An Illinois university has decided to increase faculty numbers in their Africana Studies department, a move that officials said will help students prepare for cross-cultural society after graduation.
Southern Illinois University officials plan to double the program's core faculty members from three to six, the Southern Illinoisan reported.
Chancellor Austin Lane said the viability of the program is as important now as it’s ever been.
“When we talk about research related to social justice, racial discrimination, systematic racism — these are also scholars that we’re hiring,” Lane said. “And they’re going to have an expertise in those areas and be able to help the campus as we continue to focus on diversity and inclusion activities.”
Lane said they want students to leave “ having some capstone experience as it relates to diversity and inclusion.”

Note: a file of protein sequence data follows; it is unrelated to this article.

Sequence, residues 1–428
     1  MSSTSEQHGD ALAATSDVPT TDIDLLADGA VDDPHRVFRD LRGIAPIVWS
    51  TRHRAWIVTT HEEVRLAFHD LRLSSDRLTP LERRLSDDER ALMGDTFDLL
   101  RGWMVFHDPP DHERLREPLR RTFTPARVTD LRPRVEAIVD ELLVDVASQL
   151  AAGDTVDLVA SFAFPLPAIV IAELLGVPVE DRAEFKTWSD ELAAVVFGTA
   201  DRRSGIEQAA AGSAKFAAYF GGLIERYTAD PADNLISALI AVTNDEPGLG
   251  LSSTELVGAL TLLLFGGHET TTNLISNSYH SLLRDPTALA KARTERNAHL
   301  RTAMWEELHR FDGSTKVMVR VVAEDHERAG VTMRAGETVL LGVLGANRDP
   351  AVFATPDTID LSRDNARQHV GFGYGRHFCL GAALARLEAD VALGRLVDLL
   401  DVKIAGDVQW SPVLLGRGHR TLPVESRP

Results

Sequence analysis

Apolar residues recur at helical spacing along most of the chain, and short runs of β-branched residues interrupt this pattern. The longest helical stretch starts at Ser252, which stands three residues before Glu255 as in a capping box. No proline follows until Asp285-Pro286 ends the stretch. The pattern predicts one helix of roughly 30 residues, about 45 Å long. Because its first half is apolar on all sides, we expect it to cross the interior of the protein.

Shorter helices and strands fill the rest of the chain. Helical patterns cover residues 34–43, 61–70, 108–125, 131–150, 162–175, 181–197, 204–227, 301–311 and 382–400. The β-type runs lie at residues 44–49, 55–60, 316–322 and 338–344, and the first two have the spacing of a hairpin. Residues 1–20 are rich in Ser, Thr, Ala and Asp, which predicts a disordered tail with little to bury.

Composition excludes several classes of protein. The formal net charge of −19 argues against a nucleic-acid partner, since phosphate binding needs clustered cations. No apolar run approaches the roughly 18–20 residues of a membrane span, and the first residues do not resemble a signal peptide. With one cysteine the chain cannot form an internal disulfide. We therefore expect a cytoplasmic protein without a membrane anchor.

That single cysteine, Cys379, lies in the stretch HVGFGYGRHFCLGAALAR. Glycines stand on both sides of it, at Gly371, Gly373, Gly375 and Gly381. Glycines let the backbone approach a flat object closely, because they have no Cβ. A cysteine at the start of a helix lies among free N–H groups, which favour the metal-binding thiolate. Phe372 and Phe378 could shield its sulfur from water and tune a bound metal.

Leonard Gadzekpo, the department’s interim chair for the past five years, said the university's plan is good news.
“For decades, we’ve not had any new faculty hires,” Gadzekpo said.
Gadzekpo said the department depends on faculty from other departments, including history and art teachers, to teach classes. He added that they still need seven to 10 core faculty members to operate up to standards, according to recent program reviews.
The department, founded in 1968, was originally called Black American Studies. The program is dedicated to the study of history and cultural traditions of African peoples, according to the department’s website.
Before 2010, Africana Studies was only offered as a minor. There were plans to return the program to its minor-only status, but that didn't happen.
Father Joseph Brown, a longtime Africana Studies professor, said he’s been asking for additional hires for more than a decade.
“In our department, the three core faculty, the median age is 70. Do the math. So this initiative is a blessing on every possible level," Brown said.
The goal is to have the new hires in place by next fall, Provost Meera Komarraju said.